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the prosecution of it, God was pleased to baffle their design, by confounding their language'. They no longer understood each other, and were constrained to yield to God's determination, who “scattered them abroad

upon the face of all the earth.” By this ultimate accomplishment of the division of the nations, which took place“ in the days “ of Pelego,” all the knowledge of truth, divine and human, which they possessed, was disseminated in the different countries where they settleda.

The improvement of mankind under the influence of this knowledge was, however, retarded in many places, and in others ar

b Delany's Rev. Exam. &c. vol. ii. Dissert. 3. Winder's Hist. chap. vi. sect. 5, 6. vol. i. Goguet's Orig. of Laws, vol. i. Introd. p. 2, 3. It must not be concealed, that writers of established reputation have endeavoured to prove it was a confusion in their councils which took place at this time. Vitring. Obser. Sacr. tom. 1. b. 1. chap. ix.

c Gen. x. 25. He was born 101 years after the flood, and lived 239 years. The text does not require any more parti. cular time for this division, than during Peleg's life-time.

d The names of these countries are given in Genesis x. Whoever wishes information on this subject, will find it in Cumberland's First Planting of Nations, Tract 4. Winder's Hist. of Knowl. vol. i. Calmet's Dict. under the article Peleg.

rested. The very fact of their dispersion, by removing the greater part from under the eye and instruction of Noah; the increase of numbers in the different families, and the liability of traditional knowledge becoming more and more corrupted, by passing through so many hands: but chiefly the confusion of language, that great medium of conveying knowledge; all contributed to produce this effect. The progress of improvement being once impeded, from the constitution of human nature in its fallen state, a deterioration in religion, morals, and useful knowledge, necessarily succeeded. Idolatry was introduced, at what

precise time is not known, and soon spread its deleterious effects far and wide. Its rise, we have every reason to suppose, was in Babylon or Chaldea, in which country the plains of Shinar were situated'. From hence that awful corruption of the worship of God was

a Young's Idol. of Religion, vol. i. chap. i. The first corruption of the worship of God, appears to have been the worship of the heavenly bodies. Leland's Adv. and Necess. of the Christian Revelation, vol. i. p. 1. chap. iji. Riccaltoun's Attempt, p. 3.

communicated to the Egyptians and Phenicians, who again in their turn transmitted it to other people. These nations, living nearer to the centre of original revelation, retained more traces of that revelation than others, which had a corresponding effect upon their conduct.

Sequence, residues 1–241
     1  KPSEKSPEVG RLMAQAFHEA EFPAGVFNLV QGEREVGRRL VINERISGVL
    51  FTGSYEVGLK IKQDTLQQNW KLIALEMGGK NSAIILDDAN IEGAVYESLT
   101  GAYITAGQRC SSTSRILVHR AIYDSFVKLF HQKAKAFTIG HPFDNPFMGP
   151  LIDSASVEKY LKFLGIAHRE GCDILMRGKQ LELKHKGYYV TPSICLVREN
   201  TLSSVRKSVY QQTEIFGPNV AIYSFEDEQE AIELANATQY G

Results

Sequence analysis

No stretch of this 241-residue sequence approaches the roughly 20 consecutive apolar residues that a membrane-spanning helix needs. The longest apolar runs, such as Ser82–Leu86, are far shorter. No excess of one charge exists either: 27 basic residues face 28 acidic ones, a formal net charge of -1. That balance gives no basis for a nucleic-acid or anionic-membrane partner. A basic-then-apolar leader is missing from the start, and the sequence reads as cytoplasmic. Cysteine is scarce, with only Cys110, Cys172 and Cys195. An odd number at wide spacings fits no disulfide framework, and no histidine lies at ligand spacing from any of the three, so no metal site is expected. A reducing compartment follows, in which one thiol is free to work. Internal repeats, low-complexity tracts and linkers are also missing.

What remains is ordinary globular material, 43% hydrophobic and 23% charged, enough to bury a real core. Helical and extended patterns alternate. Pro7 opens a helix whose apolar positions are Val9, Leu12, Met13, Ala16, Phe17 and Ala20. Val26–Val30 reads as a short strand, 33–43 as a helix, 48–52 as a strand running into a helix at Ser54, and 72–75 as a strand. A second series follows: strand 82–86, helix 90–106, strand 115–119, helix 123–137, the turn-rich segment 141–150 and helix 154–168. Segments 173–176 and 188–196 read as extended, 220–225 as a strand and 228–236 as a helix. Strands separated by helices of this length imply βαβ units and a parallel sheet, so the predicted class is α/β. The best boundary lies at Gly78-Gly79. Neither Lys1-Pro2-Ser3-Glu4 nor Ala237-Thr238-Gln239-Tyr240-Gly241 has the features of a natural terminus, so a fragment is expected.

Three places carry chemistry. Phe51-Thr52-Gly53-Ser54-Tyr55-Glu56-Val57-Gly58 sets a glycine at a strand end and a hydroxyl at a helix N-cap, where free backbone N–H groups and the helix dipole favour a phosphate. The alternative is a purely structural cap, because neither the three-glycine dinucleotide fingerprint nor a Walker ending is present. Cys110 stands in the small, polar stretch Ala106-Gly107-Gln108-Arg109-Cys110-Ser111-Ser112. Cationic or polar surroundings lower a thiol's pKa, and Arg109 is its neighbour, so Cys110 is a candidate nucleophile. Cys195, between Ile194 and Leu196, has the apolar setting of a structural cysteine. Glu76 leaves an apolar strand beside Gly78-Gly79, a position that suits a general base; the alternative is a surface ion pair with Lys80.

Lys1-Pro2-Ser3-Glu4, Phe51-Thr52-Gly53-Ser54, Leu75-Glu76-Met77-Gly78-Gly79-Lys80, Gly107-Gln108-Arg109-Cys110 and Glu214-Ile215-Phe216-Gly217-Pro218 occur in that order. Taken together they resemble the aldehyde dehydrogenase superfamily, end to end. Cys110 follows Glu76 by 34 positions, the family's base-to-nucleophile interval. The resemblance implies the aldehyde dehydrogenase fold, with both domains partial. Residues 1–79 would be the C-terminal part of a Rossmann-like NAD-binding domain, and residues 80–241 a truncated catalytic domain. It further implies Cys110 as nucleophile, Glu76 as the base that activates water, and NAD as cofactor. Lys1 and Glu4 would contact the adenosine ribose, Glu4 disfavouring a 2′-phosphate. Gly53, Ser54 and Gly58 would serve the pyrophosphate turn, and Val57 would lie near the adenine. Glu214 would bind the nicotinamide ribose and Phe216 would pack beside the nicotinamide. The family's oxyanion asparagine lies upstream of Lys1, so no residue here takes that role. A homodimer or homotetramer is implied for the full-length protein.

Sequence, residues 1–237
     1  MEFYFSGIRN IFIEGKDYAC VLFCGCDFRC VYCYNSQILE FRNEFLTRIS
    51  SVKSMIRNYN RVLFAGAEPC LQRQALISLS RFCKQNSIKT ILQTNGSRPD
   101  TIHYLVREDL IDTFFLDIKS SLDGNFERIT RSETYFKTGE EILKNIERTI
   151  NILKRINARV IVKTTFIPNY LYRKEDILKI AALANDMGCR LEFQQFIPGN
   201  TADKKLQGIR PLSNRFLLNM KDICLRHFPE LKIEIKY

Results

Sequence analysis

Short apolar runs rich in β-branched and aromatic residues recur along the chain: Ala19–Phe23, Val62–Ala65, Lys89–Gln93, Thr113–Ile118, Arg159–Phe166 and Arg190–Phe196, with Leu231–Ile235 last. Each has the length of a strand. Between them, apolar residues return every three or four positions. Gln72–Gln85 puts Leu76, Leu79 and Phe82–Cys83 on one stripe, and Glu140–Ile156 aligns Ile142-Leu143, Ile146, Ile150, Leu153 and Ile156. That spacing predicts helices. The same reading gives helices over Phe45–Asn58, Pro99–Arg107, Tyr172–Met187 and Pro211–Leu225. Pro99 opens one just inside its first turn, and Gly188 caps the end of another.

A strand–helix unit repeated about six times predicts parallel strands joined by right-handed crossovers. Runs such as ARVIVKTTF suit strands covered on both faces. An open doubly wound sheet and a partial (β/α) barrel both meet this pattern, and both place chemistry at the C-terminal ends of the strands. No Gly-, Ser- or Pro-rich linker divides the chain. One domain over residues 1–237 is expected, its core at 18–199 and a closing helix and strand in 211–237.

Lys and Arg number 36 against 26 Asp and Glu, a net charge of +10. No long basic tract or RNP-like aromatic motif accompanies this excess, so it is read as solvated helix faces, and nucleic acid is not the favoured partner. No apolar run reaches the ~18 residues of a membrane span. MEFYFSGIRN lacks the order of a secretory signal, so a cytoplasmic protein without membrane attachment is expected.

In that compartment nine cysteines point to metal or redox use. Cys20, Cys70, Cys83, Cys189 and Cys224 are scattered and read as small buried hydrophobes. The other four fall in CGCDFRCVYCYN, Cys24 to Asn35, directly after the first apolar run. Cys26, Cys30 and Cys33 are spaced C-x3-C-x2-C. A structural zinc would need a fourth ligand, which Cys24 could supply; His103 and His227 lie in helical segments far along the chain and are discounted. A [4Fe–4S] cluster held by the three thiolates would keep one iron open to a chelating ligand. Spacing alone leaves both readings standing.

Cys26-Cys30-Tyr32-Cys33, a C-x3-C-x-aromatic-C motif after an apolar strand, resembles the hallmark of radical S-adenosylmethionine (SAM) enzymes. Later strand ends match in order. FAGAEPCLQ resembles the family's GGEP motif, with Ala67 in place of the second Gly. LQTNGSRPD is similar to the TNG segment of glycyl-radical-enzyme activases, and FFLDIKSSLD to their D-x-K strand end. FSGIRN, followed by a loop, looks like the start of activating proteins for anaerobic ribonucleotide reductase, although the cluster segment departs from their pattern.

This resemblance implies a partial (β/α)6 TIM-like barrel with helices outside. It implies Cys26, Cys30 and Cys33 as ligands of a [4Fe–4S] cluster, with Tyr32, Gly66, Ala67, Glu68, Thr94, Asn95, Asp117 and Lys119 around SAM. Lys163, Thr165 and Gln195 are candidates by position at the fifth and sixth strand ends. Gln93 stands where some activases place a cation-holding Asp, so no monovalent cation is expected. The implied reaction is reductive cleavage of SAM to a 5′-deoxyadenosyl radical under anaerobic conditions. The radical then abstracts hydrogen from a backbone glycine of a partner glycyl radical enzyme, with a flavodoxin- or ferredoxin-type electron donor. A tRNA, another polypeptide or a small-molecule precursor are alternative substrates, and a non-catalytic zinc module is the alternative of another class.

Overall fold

conduct. Of this we have a remarkable instance in the treatment of Abram by Pharaoh, when he found that Sarai was his wife”.

Irreligion, immorality and idolatry combined, however, began to produce a state of things in society at large, which threatened to issue in universal barbarity. To this, profane historians with one voice attest, in the descriptions which they give of the ancient state of mankind'. And from Scripture we learn, that even the ancestors of Abraham were not exempt from the general corruption. There were, it is true, persons still to be found, who exhibited the noble spectacle of firm and pre-eminent piety. Among these, mention is made especially of Melchizedec, king of Salem,

a Gen. xii. 14-20,
b Goguet's Origin. vol. i. Introduction.
c Josh. xxiv. 2. Ezek, xvi. 3.

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and priest of the most high God". As far as the authority and influence of such men extended, so far we may well suppose

God was acknowledged, and his truth obeyed. But the shades of night were descending, and rapidly spreading over the world, when it pleased God to cause light to shine anew in the midst of the darkness.

2. With the call of Abraham commenced a new period, which terminated when Messiah appeared in the flesh. The review of it must necessarily be more brief than that of the preceding one, for it embraces a greater number of years and variety of particulars.

During this period the canon of the Old Testament was completed. Full and circumstantial information was communicated to Abraham, Isaac, Jacob, and their posterity, from time to time, concerning Christ the promised seed. God informed them that he should descend from Abraham'; afterward from Isaacd; then from Jacobo; then

a Gen. xiv. 18-20. An excellent article on Melchizedec will be found in Scrip. Illust. p. 203.

b 1921 years.
6 Gen. xviii. 18. d Gen. xxi. 12. e Num. xxiv. 17.

from Judah"; then from the family of David"; then from a virgin of that family: The time of his birth was designated to be before the sceptre should depart from Judah, and the Lawgiver from between his feet'; when the family of David, though still known, was in a low estate'; in the days of the fourth kingdom of Daniel'; within seventy weeks “ from the going forth of the “ commandinent to restore and to build Je“ rusalems;” and whilst the second temple was standing. The very place where he was to be born, was also particularly named in prophecy'; so minutely did God specify every fact connected with Messiah. His ministry was to be ushered in by “ the “ voice of him that crieth in the wilderness, Prepare ye


way of the Lord";" who, acting the part of Elijah the prophet, should " turn the heart of the fathers to the chil

dren, and the heart of the children to the

a Gen. xlix. 8-10. b Jer. xxiii. 5. c Isai. vii. 14. d Gen. xlix. 10. c Isai. xi. 1. f Dan. ii. 44, 45.

g Dan. ix. 24–26. On this subject full information will be found in Prideaux's Connex. vol. i. ch. v. p. 1. and Calmet's Dict. under the word Week.

h Hag. ii. 8—10. i Mic. v, 1. k Is. xl. 3.

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